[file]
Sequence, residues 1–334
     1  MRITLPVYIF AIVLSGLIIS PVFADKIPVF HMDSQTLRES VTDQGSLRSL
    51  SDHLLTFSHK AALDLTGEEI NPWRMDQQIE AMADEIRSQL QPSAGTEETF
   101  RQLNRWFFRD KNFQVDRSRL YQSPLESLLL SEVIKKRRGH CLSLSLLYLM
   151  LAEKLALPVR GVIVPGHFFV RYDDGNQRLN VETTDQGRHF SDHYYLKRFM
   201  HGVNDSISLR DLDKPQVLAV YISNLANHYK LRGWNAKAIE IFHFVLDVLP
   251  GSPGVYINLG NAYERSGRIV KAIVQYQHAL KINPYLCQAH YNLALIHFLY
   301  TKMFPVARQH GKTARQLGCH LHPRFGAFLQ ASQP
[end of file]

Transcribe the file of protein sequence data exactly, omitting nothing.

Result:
Sequence, residues 1–334
     1  MRITLPVYIF AIVLSGLIIS PVFADKIPVF HMDSQTLRES VTDQGSLRSL
    51  SDHLLTFSHK AALDLTGEEI NPWRMDQQIE AMADEIRSQL QPSAGTEETF
   101  RQLNRWFFRD KNFQVDRSRL YQSPLESLLL SEVIKKRRGH CLSLSLLYLM
   151  LAEKLALPVR GVIVPGHFFV RYDDGNQRLN VETTDQGRHF SDHYYLKRFM
   201  HGVNDSISLR DLDKPQVLAV YISNLANHYK LRGWNAKAIE IFHFVLDVLP
   251  GSPGVYINLG NAYERSGRIV KAIVQYQHAL KINPYLCQAH YNLALIHFLY
   301  TKMFPVARQH GKTARQLGCH LHPRFGAFLQ ASQP